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The best people want a good-looking place to live

It's hard to fully capture the link between good architecture and the economy, particularly in six minutes, but seven speakers gave it a try Friday at Mills Hardware.

All seemed to come to a similar conclusion: good-looking, functional places attract the best people, who in turn, fuel a city's economy.

"We have to compete for people," said Richard Allen, director of the Hamilton Chamber of Commerce's Renew Hamilton project. "Inspired urban environments and (the economy) go hand in hand. That's the business of city-building."

The Supercrawl-affiliated event was structured in the PechaKucha format: each presenter showed 20 slides and got 20 seconds to talk about each one. A standing-room-only crowd nearing 100 people packed the Sonic Unyon-operated event space on Gore Park, as architects and otherwise civic-minded individuals discussed how design fuels business.

"Things are changing (in Hamilton) and people here are hungry for it," observed audience member Ben Babcock, a carpenter who described himself as "keenly interested in the city's bones."

The event, called Architecture + Commerce, was organized by the Ontario Association of Architects, the Hamilton/Burlington Society of Architects and Renew Hamilton.

Toronto consultant Robert Freedman, that city's former director of urban design, said the evening's thesis was actually proven in a British study, which found that well-designed cities are doing better at attracting top talent.

He said old buildings give a city its character. More moves to accentuate heritage combined with better transit could give Hamilton the edge over "competitors" Buffalo, Pittsburgh and Cleveland, which are all experiencing their own renaissances.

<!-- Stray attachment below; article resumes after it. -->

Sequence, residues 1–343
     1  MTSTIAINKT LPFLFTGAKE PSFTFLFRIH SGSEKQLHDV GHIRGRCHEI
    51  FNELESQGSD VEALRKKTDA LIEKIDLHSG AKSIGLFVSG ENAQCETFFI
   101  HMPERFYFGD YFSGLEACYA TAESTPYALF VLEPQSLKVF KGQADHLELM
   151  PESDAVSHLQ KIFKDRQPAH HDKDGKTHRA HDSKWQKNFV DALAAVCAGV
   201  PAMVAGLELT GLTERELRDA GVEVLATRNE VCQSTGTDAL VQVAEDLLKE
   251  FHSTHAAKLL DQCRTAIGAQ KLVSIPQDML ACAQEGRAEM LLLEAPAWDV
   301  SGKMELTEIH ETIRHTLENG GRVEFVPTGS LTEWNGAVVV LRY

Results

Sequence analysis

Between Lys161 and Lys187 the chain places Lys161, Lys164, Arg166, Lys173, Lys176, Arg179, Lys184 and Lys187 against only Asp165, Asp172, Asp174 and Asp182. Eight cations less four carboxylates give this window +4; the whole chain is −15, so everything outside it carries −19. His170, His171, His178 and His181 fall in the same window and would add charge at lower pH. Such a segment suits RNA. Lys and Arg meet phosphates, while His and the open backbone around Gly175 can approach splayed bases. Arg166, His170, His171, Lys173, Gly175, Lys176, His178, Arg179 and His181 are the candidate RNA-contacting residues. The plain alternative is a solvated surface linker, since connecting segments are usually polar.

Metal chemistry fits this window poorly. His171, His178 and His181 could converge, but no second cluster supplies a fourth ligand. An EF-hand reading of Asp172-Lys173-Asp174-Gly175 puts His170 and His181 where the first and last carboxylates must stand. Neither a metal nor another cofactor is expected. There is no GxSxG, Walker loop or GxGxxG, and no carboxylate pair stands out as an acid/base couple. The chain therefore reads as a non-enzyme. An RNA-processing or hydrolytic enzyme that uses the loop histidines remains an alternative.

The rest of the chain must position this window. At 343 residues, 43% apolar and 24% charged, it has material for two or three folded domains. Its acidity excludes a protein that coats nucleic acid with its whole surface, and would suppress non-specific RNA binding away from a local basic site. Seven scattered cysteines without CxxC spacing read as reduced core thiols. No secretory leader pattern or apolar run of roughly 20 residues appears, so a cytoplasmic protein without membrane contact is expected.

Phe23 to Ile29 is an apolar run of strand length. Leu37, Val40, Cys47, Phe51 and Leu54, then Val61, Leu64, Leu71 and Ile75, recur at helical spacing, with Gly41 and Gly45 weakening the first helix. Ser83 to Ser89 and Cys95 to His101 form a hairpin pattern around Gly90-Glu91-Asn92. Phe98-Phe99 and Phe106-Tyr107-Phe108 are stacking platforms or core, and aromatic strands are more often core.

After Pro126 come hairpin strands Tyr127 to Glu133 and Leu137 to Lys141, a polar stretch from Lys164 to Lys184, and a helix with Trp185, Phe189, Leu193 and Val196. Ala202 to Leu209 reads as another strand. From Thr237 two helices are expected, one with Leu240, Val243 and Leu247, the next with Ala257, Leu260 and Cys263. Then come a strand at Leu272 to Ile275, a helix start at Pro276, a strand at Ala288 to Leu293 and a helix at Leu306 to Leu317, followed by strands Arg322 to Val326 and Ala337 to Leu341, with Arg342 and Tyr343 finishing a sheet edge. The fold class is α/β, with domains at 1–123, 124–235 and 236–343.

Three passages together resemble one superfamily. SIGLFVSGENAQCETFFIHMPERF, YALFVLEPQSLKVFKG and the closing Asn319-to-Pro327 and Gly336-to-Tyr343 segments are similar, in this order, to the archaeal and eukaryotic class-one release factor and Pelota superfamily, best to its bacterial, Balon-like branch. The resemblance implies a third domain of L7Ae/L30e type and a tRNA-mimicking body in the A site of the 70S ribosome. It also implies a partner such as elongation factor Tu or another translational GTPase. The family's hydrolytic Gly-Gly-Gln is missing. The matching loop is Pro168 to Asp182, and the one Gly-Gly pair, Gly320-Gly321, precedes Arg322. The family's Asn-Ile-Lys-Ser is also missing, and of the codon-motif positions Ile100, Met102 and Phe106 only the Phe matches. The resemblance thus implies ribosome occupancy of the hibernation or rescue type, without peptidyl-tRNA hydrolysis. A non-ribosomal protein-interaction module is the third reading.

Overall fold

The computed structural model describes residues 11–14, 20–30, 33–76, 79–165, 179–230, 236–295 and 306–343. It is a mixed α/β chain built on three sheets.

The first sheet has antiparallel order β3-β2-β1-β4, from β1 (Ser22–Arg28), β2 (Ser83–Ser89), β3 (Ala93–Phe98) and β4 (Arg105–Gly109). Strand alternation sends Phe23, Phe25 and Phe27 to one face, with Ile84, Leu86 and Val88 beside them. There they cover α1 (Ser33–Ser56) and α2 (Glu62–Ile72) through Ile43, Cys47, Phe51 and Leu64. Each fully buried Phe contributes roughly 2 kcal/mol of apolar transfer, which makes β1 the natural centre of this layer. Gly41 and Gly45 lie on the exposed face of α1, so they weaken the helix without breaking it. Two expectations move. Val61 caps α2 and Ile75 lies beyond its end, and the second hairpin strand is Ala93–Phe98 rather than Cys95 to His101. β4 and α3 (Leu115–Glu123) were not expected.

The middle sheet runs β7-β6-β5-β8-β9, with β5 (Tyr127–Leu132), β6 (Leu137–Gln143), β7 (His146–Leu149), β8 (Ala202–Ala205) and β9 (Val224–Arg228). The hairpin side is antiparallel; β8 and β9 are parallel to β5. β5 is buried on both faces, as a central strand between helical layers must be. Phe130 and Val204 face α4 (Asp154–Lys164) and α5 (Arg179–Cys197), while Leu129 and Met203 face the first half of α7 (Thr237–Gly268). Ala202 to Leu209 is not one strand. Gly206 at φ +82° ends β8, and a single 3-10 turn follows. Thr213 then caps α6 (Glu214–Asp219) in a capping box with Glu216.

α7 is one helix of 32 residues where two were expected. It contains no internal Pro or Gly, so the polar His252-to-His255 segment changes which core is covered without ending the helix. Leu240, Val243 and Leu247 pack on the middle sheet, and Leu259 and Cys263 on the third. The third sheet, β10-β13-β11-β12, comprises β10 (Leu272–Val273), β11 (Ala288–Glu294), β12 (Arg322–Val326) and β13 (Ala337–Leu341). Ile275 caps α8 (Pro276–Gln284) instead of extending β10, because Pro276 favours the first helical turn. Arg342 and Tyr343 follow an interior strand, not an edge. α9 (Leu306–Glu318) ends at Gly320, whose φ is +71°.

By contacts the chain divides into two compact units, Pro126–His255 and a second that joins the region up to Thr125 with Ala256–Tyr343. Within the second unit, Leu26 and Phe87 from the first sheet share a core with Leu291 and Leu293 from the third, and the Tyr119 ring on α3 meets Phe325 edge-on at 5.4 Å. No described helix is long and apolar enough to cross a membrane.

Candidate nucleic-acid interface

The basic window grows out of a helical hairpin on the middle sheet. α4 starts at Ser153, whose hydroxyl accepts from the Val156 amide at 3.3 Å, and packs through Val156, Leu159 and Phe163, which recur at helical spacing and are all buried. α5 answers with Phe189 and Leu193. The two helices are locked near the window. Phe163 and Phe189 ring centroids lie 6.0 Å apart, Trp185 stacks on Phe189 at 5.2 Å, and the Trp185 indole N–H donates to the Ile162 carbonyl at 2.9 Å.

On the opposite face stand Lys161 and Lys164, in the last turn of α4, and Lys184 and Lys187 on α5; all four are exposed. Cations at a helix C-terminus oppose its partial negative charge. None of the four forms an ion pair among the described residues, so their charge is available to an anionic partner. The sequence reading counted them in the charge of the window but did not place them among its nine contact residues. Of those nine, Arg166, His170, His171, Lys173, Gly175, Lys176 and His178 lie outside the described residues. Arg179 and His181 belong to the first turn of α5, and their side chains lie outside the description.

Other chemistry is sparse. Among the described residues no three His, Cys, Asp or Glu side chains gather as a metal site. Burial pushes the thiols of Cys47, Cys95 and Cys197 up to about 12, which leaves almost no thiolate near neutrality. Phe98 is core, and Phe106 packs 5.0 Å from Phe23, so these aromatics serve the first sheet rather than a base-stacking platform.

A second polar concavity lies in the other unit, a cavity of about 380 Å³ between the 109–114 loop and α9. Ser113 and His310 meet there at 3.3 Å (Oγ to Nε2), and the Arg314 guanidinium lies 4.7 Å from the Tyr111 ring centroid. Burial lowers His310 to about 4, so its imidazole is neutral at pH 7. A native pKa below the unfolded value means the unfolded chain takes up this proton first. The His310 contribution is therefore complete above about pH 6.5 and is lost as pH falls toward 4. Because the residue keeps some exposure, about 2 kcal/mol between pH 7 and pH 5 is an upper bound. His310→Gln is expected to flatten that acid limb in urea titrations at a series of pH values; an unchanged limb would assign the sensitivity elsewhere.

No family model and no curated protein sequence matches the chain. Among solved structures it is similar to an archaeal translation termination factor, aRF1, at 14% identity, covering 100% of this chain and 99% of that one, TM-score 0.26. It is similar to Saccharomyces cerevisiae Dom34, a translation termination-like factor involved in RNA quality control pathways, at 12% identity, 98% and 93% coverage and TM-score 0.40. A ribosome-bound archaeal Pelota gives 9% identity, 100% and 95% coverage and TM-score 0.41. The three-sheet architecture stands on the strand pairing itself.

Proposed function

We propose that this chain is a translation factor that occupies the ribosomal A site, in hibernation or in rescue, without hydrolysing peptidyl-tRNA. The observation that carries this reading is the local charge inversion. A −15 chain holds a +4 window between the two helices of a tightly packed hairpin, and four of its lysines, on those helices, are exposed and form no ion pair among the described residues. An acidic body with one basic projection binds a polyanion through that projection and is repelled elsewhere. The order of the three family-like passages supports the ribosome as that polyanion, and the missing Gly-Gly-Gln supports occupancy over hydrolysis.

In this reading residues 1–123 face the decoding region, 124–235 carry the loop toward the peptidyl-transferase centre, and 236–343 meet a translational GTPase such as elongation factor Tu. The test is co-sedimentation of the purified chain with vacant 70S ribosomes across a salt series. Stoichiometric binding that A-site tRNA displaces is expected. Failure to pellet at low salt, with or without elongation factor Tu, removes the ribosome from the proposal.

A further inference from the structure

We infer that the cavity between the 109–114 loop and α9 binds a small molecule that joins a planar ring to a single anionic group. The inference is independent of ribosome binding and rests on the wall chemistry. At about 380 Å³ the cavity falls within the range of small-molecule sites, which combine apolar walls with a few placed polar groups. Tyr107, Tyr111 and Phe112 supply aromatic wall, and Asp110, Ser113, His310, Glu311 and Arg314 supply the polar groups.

"Hamilton is definitely on its way up, and if my wife would let me, I'd move here," he told the crowd.

Jeremy Freiburger of local arts agency Cobalt Connects revealed some new data from his group's Expressing Vibrancy study, which is examining residents' reactions to neighbourhoods across the city. It found people love heritage buildings, but only if they're in use.

"The positive effect of heritage does not outweigh the negative effects of vacant buildings," he said.

And if we don't like the built environment around us, there's a pretty straightforward fix, noted TCA Architects principal Bill Curran: Do something about it.

"One building can change a city's image," he said, pointing to Bilbao, Spain's Guggenheim Museum as a positive example and the McMaster business school on the QEW as a counterpoint. "We have no one to blame but ourselves for the buildings that we live in." 

Source: The Hamilton Spectator, Sept.12, 2014
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